"The most difficult thing about holiday cooking is the amount of prep work involved. So many symbolic foods are required, family favorite recipes must make an appearance, and everybody expects it to be one of the best meals of the year. Talk about pressure!" says Avey, creator of The History Kitchen, a website (and hopefully future book) which sheds light on how yesterday's cuisine can inspire us in the kitchen today.Rosh Hashana sangria is typically a winner, Avey says. "It's symbolic, sweet, crisp and delish."
To some, freezing food is a faux pas, but when you work full time, have children or both, it can be the only option. Alternatively, "keep your menu as natural and unprocessed as possible -- lots of vegetables, fruits and whole ingredients," she says. These items can be bought at any market, which means you can avoid the holiday madness. In L.A., there are many grocery stores with impressive kosher products, such as Gelsons and Trader Joe's.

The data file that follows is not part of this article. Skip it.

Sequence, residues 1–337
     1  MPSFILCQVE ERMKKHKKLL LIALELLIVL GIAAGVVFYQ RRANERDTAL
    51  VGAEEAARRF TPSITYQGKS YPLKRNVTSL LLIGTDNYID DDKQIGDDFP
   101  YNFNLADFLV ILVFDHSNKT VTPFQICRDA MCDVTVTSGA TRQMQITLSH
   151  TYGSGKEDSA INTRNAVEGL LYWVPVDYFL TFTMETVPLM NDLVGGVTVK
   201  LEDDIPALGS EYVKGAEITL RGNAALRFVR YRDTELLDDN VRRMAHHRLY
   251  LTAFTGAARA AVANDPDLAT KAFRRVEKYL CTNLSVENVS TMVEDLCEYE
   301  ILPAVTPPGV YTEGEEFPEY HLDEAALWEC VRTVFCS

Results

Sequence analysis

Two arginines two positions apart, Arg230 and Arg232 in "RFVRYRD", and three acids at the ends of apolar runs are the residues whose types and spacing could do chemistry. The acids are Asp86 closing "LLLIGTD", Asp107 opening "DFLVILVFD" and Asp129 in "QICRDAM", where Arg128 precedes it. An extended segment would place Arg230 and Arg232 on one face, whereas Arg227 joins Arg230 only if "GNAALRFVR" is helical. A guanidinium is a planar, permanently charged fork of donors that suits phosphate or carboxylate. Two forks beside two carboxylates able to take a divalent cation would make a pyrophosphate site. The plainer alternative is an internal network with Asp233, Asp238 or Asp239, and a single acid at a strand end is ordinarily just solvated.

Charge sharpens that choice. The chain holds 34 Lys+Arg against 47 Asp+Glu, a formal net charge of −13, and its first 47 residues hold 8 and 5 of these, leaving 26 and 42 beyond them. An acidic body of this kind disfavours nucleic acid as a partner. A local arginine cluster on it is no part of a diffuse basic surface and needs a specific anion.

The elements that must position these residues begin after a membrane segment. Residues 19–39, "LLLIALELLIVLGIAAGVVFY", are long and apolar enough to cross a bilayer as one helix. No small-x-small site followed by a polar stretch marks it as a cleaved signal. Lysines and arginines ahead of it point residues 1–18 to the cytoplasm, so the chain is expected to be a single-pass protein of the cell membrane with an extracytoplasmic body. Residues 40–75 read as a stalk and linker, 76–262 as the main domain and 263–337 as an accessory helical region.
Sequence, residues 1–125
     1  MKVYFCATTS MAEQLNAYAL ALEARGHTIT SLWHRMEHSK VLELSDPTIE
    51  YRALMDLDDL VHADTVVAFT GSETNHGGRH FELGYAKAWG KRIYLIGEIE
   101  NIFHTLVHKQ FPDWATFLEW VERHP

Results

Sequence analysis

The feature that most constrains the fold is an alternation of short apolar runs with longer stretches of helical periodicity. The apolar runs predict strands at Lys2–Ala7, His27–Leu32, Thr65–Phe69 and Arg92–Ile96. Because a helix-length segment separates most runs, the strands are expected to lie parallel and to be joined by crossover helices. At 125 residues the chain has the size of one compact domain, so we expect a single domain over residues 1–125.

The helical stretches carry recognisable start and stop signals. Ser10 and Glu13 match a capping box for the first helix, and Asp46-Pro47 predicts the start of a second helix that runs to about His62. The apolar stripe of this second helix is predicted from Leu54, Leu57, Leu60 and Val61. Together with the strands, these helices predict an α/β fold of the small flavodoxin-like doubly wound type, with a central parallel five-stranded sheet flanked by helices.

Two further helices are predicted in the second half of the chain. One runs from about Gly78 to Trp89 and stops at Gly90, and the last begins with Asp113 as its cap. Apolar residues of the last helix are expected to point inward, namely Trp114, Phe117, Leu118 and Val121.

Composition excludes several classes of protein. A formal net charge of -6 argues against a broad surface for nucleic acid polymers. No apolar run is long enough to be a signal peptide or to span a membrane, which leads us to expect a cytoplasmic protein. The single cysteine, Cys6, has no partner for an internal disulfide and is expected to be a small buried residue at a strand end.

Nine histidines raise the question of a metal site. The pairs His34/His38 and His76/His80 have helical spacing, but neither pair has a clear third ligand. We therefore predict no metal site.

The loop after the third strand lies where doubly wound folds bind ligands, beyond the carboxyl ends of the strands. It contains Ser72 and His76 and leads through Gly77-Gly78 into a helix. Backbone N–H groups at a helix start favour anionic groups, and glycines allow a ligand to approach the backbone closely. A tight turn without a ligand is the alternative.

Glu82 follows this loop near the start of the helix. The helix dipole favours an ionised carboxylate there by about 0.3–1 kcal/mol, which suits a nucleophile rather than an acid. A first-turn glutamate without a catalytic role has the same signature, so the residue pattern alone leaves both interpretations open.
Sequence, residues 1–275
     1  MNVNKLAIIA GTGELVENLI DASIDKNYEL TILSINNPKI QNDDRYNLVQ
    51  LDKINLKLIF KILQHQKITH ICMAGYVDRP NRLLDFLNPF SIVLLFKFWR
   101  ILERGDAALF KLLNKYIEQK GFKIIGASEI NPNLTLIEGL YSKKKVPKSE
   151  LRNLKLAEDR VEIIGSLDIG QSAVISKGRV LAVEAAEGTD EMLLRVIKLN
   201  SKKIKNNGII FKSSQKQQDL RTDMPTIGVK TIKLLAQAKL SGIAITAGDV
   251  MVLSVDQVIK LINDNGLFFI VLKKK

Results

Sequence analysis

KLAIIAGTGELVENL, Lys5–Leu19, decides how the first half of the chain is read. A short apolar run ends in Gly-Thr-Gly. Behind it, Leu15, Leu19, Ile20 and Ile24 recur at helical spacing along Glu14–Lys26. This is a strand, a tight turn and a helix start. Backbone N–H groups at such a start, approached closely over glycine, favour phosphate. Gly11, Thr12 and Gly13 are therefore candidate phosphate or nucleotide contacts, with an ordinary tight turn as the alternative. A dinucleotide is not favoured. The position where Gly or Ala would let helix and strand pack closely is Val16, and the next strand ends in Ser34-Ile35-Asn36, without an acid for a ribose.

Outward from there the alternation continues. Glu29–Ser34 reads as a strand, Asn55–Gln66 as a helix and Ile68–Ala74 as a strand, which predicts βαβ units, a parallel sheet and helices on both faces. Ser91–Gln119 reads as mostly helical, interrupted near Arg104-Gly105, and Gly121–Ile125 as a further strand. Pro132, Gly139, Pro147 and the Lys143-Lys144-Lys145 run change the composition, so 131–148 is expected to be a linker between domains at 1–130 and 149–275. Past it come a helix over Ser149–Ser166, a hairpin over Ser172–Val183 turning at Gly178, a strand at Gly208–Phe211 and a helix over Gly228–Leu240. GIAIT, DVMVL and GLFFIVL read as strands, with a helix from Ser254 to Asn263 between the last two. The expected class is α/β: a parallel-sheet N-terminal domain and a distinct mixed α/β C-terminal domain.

Once Rosh Hashana cooking is finished, Yom Kippur "break fast" is just around the corner, at sundown on Sept. 14. Dairy is recommended after a long day of fasting, since it's easier for some to digest. "I love the convenience of make-ahead dairy dishes like quiche, kugel and bourekas [pastries made with phyllo and filled with cheese, minced meat or vegetables]. Mild dairy dishes are probably easier on the stomach if you're not lactose intolerant." But you might want to avoid strong spices. There have been years when Avey has simply served a bagel platter and fresh fruit.
"Who feels like making a big feast after a long fast? Those who do are total champions in my book," she says. If you are willing, try Avey's crustless quiche with feta and asparagus.
Turn the page for a Rosh Hashana honey garlic chicken recipe...